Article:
Adsense Experiments: The Best Adsense Placement

Written: 2009

There's lots of general Adsense ad placement advice out there, but it's all the same basic stuff. If you really want to make money with Adsense, you'll need to do some experimentation. That's what I've done. Here are my results, and some Adsense tips from my experience.

1 – Medium Rectangle (MR) vs. Large Rectangle (LR)

I tried this matchup out on various pages, with the ad unit above my header text. LR was the winner, by a reasonable margin of around 15-20%. It's just a bigger and more noticeable ad, which more often holds four ads instead of three. This is a logical outcome.

2 – Large Rectangle vs. Leaderboard (LB)

In the same position (above the article header), the Leaderboard's clickthrough rate (CTR) was about half that of the LR. I've tried LB's in all kinds of different places and setups, and they're almost always terrible. People have just got used to recognising leaderboards and banners as advertising.

3 – Link Units (LU)

At first, I plonked a few LU's in, and watched them fail for a while. Then I removed them. However, my later experimentation with this particular Google Adsense ad was more fruitful.

You can't use LU's like any other ad. They have to be put in a logical place.

At the end of a page, these do well. (Better than Large or Medium Rectangles.) At the end of a multi-page article, they do even better.

As you may already know, LU's bring up a whole page of links when clicked on. You only get paid when someone then clicks again on that page. Because of the bidding system on Google Adwords, this page will be filled with links from the top 10+ bidders, and not the top four, like a normal ad would. These subsequent bidders have bid less, and thus you get paid less if the visitor chooses to click on their links.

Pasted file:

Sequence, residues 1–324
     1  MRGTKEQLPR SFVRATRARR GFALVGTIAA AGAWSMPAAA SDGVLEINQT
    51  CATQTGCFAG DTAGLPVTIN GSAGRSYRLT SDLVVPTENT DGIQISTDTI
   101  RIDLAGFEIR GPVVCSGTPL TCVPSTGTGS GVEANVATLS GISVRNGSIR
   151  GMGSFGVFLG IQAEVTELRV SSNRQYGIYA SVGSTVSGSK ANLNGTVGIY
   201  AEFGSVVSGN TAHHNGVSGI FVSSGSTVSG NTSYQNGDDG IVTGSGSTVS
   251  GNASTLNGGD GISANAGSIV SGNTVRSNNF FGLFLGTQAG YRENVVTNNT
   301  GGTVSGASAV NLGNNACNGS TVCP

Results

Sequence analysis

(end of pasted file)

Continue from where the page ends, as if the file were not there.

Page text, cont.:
You should expect the pay per click amount of LU's to be about half that of a regular ad. They're still worth using though. I use the 728x15 ad, with only four ads. It's important that the LU text is similar in size to the body text of your article and the links in it. (Which is size 10 here.)

4 – The best position on the page to put ads

The top. This is the prime real estate. Everyone reads/looks at the first bit. You can put ads lower down the page, especially on sub-headers on pages that aren't designed to be read top-to-bottom. However, for normal pages, the small area at the top will account for 90% of your Adsense revenue.

So, how many ads should you put at the top then?

5 – Combinations of multiple ad types at the top of the article

Instead of having an ad above or below the article title and introduction, I tried doing both. I expected that each ad would have a CTR below that of the original single ad, but that together, they might add up to more than 100% of the original.

I tried various ad integrations and blendings of ads. I tried making the two ads be of different types. I put the page title and introduction in a coloured box with a text ad. The ad had the same background colour as the box. I also tried the popular "wrapping" layout, where the text goes to the right of the ad. These web page layouts all failed.

In the end, I just put a LR above the title and intro, and another LR below, hoping that two of my trusty LR's might give me (for example) 70% and 40% of the original CTR, and hence some slight improvement.

To my astonishment, the results were more like 120% and 30%.

The second LR generated a reasonable amount of clicks, but it also actually increased the CTR of the first ad. This pattern persisted across multiple trials, and LR-Intro-LR is now my preferred format (along with a four-ad 728x15 LU at the bottom of the page.) My hypothesis is that these two LR's (as well as being the best ad type) are just so big that they push the page content off the screen for many visitors. The visitor is shown the ads first, and then if they're not interested, they can just scroll down a few lines, to the content.

So... how many ads can you add?

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